**6. **S. M. Popoff, G. Lerosey, R. Carminati, M. Fink, A. C. Boccara, and S. Gigan, “Measuring the transmission matrix in optics: An approach to the study and control of light propagation in disordered media,” Phys. Rev. Lett. **104**, 100601 (2010). [CrossRef] [PubMed]

**7. **S. Popoff, G. Lerosey, M. Fink, A. C. Boccara, and S. Gigan, “Image transmission through an opaque material,” Nature Commun. **1**, 81 (2010). [CrossRef]

**8. **Y. Choi, T. D. Yang, C. Fang-Yen, P. Kang, K. J. Lee, R. R. Dasari, M. S. Feld, and W. Choi, “Overcoming the diffraction limit using multiple light scattering in a highly disordered medium,” Phys. Rev. Lett. **107**, 023902 (2011). [CrossRef] [PubMed]

**9. **M. Kim, Y. Choi, C. Yoon, W. Choi, J. Kim, Q.-H. Park, and W. Choi, “Maximal energy transport through disordered media with the implementation of transmission eigenchannels,” Nature Photonics **6**, 581–585 (2012). [CrossRef]

**10. **Y. Choi, C. Yoon, M. Kim, T. D. Yang, C. Fang-Yen, R. R. Dasari, K. J. Lee, and W. Choi, “Scanner-free and wide-field endoscopic imaging by using a single multimode optical fiber,” Phys. Rev. Lett. **109**, 023902 (2012). [CrossRef]

**11. **I. N. Papadopoulos, S. Farahi, C. Moser, and D. Psaltis, “High-resolution, lensless endoscope based on digital scanning through a multimode optical fiber,” Biomed. Opt. Express **4**, 260–270 (2013). [CrossRef] [PubMed]

**12. **S. Bianchi and R. Di Leonardo, “A multi-mode fiber probe for holographic micromanipulation and microscopy,” Lab on a Chip **12**, 635 (2012). [CrossRef]

**13. **T. Čižmár and K. Dholakia, “Shaping the light transmission through a multimode optical fibre: complex transformation analysis and applications in biophotonics,” Opt. Express **19**, 18871 (2011). [CrossRef] [PubMed]

**14. **J. B. Sampsell, “Dmd display system,” (1995). US Patent 5,452,024.

**15. **D. B. Conkey, A. M. Caravaca-Aguirre, and R. Piestun, “High-speed scattering medium characterization with application to focusing light through turbid media,” Opt. Express **20**, 1733–1740 (2012). [CrossRef] [PubMed]

**16. **S. A. Goorden, J. Bertolotti, and A. P. Mosk, “Superpixel-based spatial amplitude and phase modulation using a digital micromirror device,” arXiv:1405.3893 [physics] (2014).

**17. **D. Akbulut, T. J. Huisman, E. G. van Putten, W. L. Vos, and A. P. Mosk, “Focusing light through random photonic media by binary amplitude modulation,” Opt. Express **19**, 4017–4029 (2011). [CrossRef] [PubMed]

**18. **D. Kim, W. Choi, M. Kim, J. Moon, K. Seo, S. Ju, and W. Choi, “Implementing transmission eigenchannels of disordered media by a binary-control digital micromirror device,” Opt. Commun. **330**, 35–39 (2014). [CrossRef]

**19. **J. W. Tay, J. Liang, and L. V. Wang, “Amplitude-masked photoacoustic wavefront shaping and application in flowmetry,” Opt. Lett. **39**, 5499–5502 (2014). [CrossRef] [PubMed]

**20. **X. Zhang and P. Kner, “Binary wavefront optimization using a genetic algorithm,” Journal of Optics **16**, 125704 (2014). [CrossRef]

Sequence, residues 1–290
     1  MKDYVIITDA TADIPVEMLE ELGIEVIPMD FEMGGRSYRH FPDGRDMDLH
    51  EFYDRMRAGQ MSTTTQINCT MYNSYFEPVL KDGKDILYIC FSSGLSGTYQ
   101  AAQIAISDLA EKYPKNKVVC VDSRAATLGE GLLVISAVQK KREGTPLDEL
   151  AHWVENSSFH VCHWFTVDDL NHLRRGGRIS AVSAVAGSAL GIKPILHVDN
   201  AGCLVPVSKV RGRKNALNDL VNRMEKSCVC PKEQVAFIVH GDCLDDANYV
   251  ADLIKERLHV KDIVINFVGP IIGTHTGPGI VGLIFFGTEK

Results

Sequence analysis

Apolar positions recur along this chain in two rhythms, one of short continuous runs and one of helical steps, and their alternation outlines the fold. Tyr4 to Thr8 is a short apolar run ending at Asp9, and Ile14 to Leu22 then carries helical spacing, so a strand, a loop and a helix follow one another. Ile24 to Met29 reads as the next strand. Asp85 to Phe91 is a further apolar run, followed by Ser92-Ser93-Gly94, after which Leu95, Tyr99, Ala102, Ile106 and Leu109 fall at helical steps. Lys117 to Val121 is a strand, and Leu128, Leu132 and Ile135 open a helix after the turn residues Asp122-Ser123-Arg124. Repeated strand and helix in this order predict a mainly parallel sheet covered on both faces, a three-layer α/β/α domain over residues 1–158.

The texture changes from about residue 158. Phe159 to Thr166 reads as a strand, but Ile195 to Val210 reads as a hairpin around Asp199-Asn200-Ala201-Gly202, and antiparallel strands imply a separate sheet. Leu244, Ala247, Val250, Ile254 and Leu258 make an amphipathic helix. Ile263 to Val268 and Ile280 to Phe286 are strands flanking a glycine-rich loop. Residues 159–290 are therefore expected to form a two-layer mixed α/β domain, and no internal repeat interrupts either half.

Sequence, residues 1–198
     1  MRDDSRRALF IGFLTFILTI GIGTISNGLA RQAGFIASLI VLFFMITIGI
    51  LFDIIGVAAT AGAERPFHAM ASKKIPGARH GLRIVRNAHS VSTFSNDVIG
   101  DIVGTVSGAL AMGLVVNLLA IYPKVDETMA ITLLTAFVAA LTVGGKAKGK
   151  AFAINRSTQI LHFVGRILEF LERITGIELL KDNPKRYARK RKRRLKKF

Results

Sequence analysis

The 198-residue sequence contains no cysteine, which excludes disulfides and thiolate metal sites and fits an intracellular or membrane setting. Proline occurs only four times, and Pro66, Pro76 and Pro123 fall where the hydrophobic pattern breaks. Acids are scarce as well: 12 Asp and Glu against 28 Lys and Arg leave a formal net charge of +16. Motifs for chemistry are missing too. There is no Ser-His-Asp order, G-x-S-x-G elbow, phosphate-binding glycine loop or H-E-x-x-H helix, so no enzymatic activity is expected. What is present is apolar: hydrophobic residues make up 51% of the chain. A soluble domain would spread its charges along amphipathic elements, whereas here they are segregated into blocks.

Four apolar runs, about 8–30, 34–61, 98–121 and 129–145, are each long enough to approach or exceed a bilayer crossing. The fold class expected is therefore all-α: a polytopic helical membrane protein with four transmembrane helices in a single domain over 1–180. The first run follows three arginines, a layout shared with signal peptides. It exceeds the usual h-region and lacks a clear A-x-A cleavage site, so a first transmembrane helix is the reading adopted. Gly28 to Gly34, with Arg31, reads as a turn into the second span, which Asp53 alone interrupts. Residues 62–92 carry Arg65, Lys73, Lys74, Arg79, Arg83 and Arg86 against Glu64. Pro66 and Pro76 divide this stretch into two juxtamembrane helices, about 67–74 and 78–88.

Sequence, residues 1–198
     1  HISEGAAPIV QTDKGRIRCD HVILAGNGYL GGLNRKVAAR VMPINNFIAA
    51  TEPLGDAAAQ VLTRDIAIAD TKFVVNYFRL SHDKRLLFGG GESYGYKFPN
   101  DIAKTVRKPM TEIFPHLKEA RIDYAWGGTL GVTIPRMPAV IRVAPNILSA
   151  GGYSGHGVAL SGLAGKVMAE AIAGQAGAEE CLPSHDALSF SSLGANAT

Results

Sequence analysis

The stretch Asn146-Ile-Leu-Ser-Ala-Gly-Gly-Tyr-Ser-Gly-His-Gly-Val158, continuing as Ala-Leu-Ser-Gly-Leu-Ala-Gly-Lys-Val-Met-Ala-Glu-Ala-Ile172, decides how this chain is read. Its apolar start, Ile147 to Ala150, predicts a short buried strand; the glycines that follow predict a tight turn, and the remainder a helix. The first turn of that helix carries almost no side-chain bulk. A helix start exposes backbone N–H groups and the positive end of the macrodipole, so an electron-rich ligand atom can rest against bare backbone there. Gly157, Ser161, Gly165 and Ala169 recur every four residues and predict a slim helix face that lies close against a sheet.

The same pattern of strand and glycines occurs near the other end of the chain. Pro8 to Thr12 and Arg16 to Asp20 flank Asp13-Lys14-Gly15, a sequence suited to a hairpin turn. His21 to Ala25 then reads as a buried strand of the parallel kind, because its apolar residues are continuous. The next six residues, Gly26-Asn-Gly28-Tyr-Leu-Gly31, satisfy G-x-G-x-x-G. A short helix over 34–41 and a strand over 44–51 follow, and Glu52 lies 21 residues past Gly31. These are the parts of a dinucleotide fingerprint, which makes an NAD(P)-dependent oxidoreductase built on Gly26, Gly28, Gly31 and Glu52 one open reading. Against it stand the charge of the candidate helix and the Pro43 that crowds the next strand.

**21. **T. Chaigne, O. Katz, A. C. Boccara, M. Fink, E. Bossy, and S. Gigan, “Controlling light in scattering media non-invasively using the photoacoustic transmission matrix,” Nature Photonics **8**, 58–64 (2014). [CrossRef]

**22. **D. Akbulut, T. Strudley, J. Bertolotti, T. Zehender, E. Bakkers, A. Lagendijk, W. Vos, O. Muskens, and A. Mosk, “Measurements on the optical transmission matrices of strongly scattering nanowire layers,” in Proc. Conf. on Lasers and Electro-Optics Europe and International Quantum Electronics Conf. (CLEO EUROPE/IQEC), (2013).

**23. **A. Drémeau and F. Krzakala, “Phase recovery from a bayesian point of view: the variational approach,” in Proceedings of IEEE Trans. Acoust. Speech Signal Process. (2015).

**24. **R. Gerchberg and W. Saxton, “A practical algorithm for the determination of phase from image and diffraction plane pictures,” Optik **35**, 237–246 (1972).

**25. **J. R. Fienup, “Phase retrieval algorithms: a comparison,” Appl. Opt. **21**, 2758–2769 (1982). [CrossRef] [PubMed]

**26. **E. Candès, T. Strohmer, and V. Voroninski, “Phaselift : exact and stable signal recovery from magnitude measurements via convex programming,” Commun. in Pure and Applied Mathematics **66**, 1241–1274 (2013). [CrossRef]

**27. **I. Waldspurger, A. d’Aspremont, and S. Mallat, “Phase recovery, maxcut and complex semidefinite programming,” Mathematical Programming Series A-Springer (2013).

**28. **P. Schniter and S. Rangan, “Compressive phase retrieval via generalized approximate message passing,” in Proceedings of Communication, Control, and Computing (Allerton) (2012).

**29. **V. A. Marčenko and L. A. Pastur, “Distribution of eigenvalues for some sets of random matrices,” Mathematics of the USSR-Sbornik **1**, 457–483 (1967). [CrossRef]

**30. **S. M. Popoff, G. Lerosey, M. Fink, A. C. Boccara, and S. Gigan, “Controlling light through optical disordered media: transmission matrix approach,” New Journal of Physics **13**, 123021 (2011). [CrossRef]

**31. **A. Liutkus, D. Martina, S. Popoff, G. Chardon, O. Katz, G. Lerosey, S. Gigan, L. Daudet, and I. Carron, “Imaging with nature: Compressive imaging using a multiply scattering medium,” Sci. Rep.4 (2014). [CrossRef] [PubMed]